Chicks are the most vulnerable to weather conditions and diseases so young should I take great care of them so should you.
Baby chicks should be kept warm and dry.
The nest, which they share at night with the mother hen, must be kept clean.
In colder climates (below 20 °C at night),you should keep the nest site warm by lining it with straw and placing it near a stove or fireplace.
The chicks should remain with the mother hen for nine to ten weeks, learning from her example how to scavenge and evade predators and other dangers.
You should provide clean drinking water and fresh feed in a clean container to supplement scavenging. There is a close relationship between chick weight and growth and mortality rates. In an experiment where young chickens had access to supplementary feed in a creep feeder (Roberts et al., 1994), it was found that supplementary protein feed had a significant effect on the survival rate and growth rate.
Chicks separated from the mother hens during the day from the age of three to ten weeks, and fed with chicken starter mash, had a mortality rate of 20 percent and a body weight of 319 g at ten weeks, compared with a mortality rate of 30 percent and a body weight of 242 g for the control group which remained with the mother hens. Click here to read more “Creep Feeding”.
A suitable strategy for rearing chicks therefore would be as follows:
x The chicks should be confined for the first weeks of life and provided with a balanced feed.
x A vaccination programme should be followed.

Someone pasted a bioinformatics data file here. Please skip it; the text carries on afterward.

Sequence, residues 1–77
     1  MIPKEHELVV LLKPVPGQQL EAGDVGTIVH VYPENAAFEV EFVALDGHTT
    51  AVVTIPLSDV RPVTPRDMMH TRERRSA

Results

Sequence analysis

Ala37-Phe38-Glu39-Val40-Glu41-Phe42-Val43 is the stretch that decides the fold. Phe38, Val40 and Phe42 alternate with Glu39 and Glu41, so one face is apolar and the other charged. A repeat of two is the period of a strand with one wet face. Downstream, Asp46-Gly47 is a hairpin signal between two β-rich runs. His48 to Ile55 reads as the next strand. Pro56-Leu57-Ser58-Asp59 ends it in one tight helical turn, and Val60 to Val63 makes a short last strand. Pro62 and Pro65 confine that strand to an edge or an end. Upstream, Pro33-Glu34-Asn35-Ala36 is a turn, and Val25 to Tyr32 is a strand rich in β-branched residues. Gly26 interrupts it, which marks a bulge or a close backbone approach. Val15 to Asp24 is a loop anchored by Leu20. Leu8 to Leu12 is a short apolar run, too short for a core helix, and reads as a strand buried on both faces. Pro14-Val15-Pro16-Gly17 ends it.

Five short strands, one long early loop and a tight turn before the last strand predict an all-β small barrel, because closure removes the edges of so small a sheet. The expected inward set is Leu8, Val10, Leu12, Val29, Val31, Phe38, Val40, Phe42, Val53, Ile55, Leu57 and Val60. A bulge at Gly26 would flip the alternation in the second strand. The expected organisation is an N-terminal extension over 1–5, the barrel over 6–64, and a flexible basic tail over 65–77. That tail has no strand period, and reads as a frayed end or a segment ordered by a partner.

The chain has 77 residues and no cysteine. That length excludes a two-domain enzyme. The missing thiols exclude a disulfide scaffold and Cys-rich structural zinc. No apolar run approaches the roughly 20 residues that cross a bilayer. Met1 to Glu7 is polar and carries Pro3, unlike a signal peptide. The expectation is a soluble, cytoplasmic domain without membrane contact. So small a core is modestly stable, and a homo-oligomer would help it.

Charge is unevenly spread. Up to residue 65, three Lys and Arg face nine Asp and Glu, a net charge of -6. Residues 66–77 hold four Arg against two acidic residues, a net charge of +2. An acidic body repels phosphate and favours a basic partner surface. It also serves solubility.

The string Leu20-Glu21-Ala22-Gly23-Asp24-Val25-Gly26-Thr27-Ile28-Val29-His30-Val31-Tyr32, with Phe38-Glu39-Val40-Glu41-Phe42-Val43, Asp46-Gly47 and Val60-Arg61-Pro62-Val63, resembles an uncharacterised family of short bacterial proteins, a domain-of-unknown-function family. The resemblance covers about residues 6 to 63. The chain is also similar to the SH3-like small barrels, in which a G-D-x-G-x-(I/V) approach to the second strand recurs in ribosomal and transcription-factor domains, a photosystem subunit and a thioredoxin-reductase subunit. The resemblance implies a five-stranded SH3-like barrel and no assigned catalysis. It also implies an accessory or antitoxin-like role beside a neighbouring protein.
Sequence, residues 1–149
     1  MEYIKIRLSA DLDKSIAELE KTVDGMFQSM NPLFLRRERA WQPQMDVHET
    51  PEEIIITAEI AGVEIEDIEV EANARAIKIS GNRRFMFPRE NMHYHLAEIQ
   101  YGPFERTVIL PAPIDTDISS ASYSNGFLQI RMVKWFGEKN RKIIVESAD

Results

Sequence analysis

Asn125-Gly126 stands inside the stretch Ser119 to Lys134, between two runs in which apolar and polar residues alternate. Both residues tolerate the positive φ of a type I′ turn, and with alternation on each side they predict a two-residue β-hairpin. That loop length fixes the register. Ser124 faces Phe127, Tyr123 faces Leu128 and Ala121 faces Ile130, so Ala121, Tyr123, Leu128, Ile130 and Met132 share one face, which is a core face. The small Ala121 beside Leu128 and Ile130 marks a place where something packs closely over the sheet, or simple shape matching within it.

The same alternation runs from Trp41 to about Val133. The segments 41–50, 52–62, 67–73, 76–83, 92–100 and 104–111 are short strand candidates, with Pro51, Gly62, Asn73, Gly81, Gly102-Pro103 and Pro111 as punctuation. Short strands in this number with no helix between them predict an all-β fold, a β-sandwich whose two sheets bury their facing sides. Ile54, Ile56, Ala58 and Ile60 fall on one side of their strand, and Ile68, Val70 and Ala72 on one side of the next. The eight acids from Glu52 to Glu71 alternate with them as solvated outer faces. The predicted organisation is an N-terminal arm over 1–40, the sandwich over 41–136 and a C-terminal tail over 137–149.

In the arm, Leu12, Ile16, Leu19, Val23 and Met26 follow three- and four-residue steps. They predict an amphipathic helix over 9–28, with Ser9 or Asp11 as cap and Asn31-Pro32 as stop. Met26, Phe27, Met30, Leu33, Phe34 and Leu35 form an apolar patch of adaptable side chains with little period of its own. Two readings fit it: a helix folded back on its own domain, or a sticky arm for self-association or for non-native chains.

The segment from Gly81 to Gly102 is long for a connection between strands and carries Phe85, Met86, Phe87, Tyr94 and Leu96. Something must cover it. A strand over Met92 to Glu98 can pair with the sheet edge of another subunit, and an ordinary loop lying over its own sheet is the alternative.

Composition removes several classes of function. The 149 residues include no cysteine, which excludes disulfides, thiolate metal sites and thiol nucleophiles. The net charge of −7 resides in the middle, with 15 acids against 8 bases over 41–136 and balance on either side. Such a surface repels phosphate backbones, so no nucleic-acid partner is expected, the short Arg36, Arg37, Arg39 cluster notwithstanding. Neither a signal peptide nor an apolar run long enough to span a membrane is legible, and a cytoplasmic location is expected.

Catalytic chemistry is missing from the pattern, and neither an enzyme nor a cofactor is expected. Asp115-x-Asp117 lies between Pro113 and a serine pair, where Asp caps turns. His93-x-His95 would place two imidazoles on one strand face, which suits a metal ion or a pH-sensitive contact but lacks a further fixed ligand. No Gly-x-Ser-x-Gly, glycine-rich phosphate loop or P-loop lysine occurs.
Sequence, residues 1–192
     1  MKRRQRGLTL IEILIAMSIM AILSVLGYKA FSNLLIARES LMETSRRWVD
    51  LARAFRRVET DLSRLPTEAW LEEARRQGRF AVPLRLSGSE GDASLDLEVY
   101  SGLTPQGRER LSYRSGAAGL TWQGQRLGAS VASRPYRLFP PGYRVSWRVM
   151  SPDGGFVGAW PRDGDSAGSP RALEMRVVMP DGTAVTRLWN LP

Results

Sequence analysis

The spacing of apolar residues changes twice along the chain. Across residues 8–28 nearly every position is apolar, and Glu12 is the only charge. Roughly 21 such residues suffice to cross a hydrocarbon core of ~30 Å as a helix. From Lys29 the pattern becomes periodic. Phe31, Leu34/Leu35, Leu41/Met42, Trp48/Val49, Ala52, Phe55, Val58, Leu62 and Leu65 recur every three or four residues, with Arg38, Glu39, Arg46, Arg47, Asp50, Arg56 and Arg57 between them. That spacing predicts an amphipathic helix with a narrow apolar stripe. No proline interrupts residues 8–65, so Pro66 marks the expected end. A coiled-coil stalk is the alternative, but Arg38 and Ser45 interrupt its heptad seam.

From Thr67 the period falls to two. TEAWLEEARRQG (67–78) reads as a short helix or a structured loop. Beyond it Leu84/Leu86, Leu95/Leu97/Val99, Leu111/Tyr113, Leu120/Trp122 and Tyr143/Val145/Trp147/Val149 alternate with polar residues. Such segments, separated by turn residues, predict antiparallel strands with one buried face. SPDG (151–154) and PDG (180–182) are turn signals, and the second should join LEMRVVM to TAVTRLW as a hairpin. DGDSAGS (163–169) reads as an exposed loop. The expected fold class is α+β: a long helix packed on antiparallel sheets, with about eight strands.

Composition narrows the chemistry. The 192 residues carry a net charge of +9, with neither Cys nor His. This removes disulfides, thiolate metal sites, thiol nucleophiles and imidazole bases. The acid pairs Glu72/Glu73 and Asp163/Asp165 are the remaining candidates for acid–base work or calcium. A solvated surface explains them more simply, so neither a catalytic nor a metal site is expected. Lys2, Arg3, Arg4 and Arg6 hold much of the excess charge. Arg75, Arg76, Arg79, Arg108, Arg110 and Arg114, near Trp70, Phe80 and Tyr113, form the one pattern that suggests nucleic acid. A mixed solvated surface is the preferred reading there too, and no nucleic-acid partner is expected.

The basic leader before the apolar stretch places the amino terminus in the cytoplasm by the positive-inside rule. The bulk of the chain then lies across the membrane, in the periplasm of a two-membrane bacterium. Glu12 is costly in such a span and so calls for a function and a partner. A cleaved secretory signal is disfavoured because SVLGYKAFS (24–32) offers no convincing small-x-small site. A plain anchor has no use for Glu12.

x Sufficient supplementary feed should be provided during the remaining rearing period to to allow the chickens to develop in accordance with their genetic potential.
x Feed supplements and protection should be provided to naturally brooded chickens during the first four to eight weeks of life.
The composition of the supplementary feed will depend on the available scavengable feed, but a form of cafeteria free-choice feeding of a protein concentrate, energy concentrate and calcium mineral in each of three containers may be the best solution.
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The mortality rate of naturally brooded chicks, whose only source of feed is from scavenging under free-range conditions, is very high and often exceeds 50 percent up to eight weeks of age. Wickramenratne et al (1994) found that predators accounted for up to 88 percent of mortality and that coloured birds had a higher survival rate than white birds.
The high mortality rate and the large number of eggs required for hatching are the main causes of low off take from scavenging poultry flocks. Smith (1990) reported an off take (sales and consumption) of only 0.3 chickens per hen/year from a survey done on flocks in Nigeria. This low off take has also been observed in Bangladesh and India.
An efficient way of decreasing mortality rate (a costly loss) is to confine and vaccinate the chicks during the rearing period.
This however is more expensive, the cost of feed in particular increasing production costs.
You can confine the chicks during the first eight weeks of life. Feeding them approximately 2 kg each of balanced feed and thereafter kept under semi scavenging conditions. At eight weeks of age, they are less susceptible to attacks by predators and more resistant to diseases, due to their larger body weight and more effective vaccination immunization (due to their better nutrient intake).
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